October 8 - Indonesia's environmentalists find evidence of a Sumatran rhino population in the Kalimantan forests.
▲ Hide Transcript
▶ View Transcript
Sumatran rhinos were thought to have been wiped out in eastern Borneo, but new camera trap footage shows that one or maybe even more have managed to survive.
The World Wildlife Fund (WWF) say the images give them hope of restoring the population.
In the wild, the Sumatran rhino once roamed across southeast Asia but today, fewer than 300 are believed to survive.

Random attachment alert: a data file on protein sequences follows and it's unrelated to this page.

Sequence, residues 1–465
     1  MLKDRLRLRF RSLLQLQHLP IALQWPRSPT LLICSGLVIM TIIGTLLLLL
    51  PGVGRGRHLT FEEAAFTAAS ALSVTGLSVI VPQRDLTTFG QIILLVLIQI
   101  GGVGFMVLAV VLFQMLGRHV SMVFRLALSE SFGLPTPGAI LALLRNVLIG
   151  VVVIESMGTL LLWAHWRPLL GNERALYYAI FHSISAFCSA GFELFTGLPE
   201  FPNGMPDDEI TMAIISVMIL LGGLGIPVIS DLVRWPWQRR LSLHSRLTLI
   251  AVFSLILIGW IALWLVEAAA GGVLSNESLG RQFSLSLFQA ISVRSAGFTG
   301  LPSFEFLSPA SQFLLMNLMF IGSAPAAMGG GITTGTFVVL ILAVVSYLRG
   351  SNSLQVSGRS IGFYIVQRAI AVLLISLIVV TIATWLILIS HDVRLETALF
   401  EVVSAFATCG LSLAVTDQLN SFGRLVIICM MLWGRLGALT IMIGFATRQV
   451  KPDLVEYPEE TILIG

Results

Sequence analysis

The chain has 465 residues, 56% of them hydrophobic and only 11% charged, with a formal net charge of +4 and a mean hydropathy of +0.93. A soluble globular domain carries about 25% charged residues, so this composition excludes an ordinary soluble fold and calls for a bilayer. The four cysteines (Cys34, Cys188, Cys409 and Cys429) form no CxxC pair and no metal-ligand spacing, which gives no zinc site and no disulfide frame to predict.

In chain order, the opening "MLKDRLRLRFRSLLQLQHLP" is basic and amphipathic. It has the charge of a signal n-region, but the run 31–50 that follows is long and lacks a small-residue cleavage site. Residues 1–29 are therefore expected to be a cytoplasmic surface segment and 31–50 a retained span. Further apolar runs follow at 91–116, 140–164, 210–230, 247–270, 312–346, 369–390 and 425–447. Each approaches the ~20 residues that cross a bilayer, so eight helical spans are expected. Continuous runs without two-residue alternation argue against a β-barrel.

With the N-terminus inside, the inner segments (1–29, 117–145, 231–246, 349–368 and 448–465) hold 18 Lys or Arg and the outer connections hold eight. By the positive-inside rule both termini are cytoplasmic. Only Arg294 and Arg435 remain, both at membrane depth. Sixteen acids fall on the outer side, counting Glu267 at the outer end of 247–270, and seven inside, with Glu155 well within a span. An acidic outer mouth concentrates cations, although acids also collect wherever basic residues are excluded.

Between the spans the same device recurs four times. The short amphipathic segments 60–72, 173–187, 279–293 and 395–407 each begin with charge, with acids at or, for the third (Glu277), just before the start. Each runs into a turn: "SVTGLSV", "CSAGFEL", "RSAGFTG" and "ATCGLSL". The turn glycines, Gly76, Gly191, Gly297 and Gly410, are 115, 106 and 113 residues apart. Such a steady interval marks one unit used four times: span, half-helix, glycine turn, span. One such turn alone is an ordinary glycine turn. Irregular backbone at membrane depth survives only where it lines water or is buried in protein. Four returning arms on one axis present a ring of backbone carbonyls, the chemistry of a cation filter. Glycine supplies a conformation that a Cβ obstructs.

Some are kept in zoos, but they rarely breed in captivity.
Conservationists say the new footage illustrates an urgent need to protect and preserve the species in the wild.
(SOUNDBITE) Sunarto, a species specialist at WWF Indonesia, saying (Bahasa Indonesia):
"We have now intensified studies on the Sumatran rhino ecology and how big the population is, in order to start a serious conservation program that involves government and allows the community to support it."
The Sumatran rhino is the smallest of the species, but its horn is prized in Chinese medicine and can fetch up to $30,000 (USD) per kilo on the black market
Press CTRL+C (Windows), CMD+C (Mac), or long-press the URL below on your mobile device to copy the code